Promotion and relegation would be introduced to the Rugby Championship and Six Nations and a blockbuster November final would be held at a neutral venue such as Wembley Stadium or Barcelona’s Camp Nou under a plan to launch a World Rugby ‘Nations Championship’ in 2022.

The Nations Championship, formerly known as the World League concept, passed a crucial litmus test during “very constructive” talks between the chief executives of all tier one Test nations in Los Angeles on Tuesday.

Top World Rugby officials told the The Sydney Morning Herald: “It was very constructive, things are progressing well, there are still some things to overcome but they are not overwhelming”.

A report in London’s The Times newspaper on Wednesday laid out the proposal for the 12-nation competition, in which Test nations would play for points during the existing northern and southern hemisphere competitions the Six Nations and Rugby Championship, before meeting for a two-week finals play-off in Europe in November.

The final would be played at a neutral venue, The Times reported, with a World Rugby document nominating Wembley and Camp Nou, the home of FC Barcelona, plus Berlin’s Olympic Stadium.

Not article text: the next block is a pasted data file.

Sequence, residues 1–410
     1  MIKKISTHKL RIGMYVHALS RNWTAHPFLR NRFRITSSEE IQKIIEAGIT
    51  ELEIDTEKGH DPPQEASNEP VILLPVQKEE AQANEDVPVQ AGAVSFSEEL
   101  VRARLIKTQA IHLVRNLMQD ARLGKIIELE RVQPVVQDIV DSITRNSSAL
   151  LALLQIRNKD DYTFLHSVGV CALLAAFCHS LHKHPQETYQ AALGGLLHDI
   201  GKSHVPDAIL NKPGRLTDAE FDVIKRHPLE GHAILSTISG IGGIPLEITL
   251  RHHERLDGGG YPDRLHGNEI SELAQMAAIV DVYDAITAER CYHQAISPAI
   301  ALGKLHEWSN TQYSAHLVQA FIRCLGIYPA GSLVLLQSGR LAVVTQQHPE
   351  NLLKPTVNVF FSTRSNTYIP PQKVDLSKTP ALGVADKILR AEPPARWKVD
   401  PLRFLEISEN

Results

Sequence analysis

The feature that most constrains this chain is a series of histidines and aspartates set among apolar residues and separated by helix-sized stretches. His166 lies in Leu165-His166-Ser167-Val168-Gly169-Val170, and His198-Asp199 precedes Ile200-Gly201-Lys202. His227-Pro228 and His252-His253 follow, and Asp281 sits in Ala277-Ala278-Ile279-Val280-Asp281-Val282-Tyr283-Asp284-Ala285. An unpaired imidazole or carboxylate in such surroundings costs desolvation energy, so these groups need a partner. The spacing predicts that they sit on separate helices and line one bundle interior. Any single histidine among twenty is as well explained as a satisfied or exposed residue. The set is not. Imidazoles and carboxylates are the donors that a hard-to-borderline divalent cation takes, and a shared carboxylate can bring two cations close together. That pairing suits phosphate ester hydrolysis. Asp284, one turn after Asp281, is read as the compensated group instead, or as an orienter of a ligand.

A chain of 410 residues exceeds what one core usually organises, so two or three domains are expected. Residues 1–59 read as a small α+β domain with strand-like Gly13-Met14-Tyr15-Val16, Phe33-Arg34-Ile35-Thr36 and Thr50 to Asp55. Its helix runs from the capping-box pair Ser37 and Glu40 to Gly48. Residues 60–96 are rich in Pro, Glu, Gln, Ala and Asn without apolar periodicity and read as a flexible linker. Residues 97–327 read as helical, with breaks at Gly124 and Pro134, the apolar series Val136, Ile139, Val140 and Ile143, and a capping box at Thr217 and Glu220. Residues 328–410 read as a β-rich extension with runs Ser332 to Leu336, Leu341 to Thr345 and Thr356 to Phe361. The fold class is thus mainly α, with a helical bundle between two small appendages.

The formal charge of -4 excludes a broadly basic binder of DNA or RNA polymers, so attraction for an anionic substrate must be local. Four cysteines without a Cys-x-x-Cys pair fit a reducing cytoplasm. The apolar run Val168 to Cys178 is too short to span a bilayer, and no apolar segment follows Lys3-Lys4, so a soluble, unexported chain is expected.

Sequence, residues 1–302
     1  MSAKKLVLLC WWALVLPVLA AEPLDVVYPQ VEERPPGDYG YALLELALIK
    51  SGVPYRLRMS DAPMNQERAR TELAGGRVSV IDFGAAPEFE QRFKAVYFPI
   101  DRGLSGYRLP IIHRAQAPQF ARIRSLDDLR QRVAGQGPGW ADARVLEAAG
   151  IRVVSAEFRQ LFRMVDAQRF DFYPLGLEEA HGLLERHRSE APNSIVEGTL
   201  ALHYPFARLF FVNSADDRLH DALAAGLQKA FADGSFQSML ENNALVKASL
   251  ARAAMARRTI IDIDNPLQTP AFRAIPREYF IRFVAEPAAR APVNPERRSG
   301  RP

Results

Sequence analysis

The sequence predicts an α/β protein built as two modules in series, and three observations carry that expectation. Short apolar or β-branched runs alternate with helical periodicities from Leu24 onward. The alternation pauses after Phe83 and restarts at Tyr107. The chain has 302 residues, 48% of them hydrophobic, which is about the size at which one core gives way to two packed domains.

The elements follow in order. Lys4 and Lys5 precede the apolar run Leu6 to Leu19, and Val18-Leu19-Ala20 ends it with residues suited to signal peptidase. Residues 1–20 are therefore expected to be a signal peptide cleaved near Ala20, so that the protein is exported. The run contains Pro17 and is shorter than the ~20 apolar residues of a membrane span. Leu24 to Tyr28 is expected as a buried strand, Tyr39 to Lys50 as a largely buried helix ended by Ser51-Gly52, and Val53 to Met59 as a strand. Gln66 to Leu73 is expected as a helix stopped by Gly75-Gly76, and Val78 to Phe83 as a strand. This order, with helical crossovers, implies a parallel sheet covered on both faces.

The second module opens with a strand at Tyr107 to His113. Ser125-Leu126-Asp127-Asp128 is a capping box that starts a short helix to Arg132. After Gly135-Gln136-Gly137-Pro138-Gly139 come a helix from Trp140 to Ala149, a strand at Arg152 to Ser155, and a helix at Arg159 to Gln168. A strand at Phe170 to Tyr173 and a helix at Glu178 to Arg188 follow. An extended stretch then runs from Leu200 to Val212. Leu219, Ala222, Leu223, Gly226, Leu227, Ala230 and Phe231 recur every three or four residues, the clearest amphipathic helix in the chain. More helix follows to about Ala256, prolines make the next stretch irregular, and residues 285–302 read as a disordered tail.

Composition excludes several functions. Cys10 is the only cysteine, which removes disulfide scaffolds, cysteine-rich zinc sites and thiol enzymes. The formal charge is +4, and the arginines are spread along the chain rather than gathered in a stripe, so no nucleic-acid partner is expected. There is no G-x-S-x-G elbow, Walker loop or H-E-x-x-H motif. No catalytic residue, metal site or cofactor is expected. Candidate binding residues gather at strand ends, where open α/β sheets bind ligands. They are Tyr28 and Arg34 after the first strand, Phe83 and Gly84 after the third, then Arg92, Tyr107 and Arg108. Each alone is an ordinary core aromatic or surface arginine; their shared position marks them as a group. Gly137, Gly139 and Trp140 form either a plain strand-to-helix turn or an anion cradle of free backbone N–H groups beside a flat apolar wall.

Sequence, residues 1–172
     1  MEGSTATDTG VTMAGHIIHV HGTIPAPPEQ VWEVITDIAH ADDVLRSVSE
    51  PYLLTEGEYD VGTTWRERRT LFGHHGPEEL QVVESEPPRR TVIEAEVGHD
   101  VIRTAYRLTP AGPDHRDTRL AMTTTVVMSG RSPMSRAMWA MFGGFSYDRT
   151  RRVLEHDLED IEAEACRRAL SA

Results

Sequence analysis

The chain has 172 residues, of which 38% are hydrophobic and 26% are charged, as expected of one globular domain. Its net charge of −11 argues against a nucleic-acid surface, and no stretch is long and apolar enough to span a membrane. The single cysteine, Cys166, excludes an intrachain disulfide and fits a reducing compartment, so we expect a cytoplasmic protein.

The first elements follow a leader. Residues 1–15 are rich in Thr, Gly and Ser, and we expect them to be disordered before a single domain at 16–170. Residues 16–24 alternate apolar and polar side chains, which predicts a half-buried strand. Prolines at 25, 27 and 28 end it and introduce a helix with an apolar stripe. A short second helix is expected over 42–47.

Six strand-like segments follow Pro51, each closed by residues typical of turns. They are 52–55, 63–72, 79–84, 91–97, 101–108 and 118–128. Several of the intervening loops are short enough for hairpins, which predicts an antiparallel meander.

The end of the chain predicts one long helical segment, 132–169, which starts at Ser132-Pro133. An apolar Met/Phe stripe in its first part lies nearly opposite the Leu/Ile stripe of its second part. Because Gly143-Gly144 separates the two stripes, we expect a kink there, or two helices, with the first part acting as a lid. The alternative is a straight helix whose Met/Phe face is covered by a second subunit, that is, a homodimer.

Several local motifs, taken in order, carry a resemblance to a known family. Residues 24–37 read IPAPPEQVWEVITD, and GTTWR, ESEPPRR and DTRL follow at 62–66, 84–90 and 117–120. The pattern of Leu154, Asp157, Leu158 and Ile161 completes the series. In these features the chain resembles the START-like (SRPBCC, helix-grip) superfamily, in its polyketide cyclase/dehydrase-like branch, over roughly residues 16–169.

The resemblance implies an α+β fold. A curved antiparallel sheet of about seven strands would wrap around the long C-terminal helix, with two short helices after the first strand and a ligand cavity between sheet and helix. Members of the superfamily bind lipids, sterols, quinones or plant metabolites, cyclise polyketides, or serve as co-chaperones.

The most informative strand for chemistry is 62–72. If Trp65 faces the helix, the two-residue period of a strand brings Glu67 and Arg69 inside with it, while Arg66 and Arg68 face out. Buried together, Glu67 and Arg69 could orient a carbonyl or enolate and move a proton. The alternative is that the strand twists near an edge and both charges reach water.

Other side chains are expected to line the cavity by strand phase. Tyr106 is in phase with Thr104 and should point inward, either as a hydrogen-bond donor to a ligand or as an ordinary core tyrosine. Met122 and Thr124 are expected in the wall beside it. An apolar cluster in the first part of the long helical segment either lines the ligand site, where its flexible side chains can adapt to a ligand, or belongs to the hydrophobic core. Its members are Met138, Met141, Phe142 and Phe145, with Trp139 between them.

The proposal would be a radical shake-up of the global rugby calendar, not to mention the Test pecking order, offering nations such as Fiji, Japan and the USA their first genuine chance to climb into the realm of tier one nations with more regular Test match-ups.

Promotion and relegation would be introduced via two divisions, according to The Times. Division One would comprise the Six Nations and Rugby Championship teams as well as Fiji (currently ranked 8th in the world) and Japan (11th). Division Two would be based on the Pacific Nations Cup pool of Canada, Samoa, Tonga and the USA, and the Americas Championship, which includes Chile, Uruguay and Brazil.

In Division One each nation would play each other once in a regular season of 11 Tests, either six home and five away, or vice versa.

The Six Nations, which features the four home unions plus Italy and France, would remain as it is in its February-March window. The current June Test window – which will move to July in 2020 – will change so that the traditional three-Test tours would be replaced with one Test each in three different countries.

In August and September, the southern hemisphere nations would play a block of matches in a format expected to change from the home-and-away fixtures used now. Then in November they would embark on their usual ‘spring tours’ to the north for three weeks.

A play-off series based on final points positions across the two groups of six would determine semi-finalists in the fourth week, with the final in the fifth week.

Rugby Australia officials were not available for comment on Wednesday. It is expected all nations will be given time to digest the proposal


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